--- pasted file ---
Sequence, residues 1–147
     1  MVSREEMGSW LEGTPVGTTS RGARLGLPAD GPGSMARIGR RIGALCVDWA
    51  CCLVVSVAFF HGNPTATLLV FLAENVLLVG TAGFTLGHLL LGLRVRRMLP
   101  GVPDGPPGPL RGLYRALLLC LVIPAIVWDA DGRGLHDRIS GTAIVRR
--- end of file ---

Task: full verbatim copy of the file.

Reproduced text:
Sequence, residues 1–147
     1  MVSREEMGSW LEGTPVGTTS RGARLGLPAD GPGSMARIGR RIGALCVDWA
    51  CCLVVSVAFF HGNPTATLLV FLAENVLLVG TAGFTLGHLL LGLRVRRMLP
   101  GVPDGPPGPL RGLYRALLLC LVIPAIVWDA DGRGLHDRIS GTAIVRR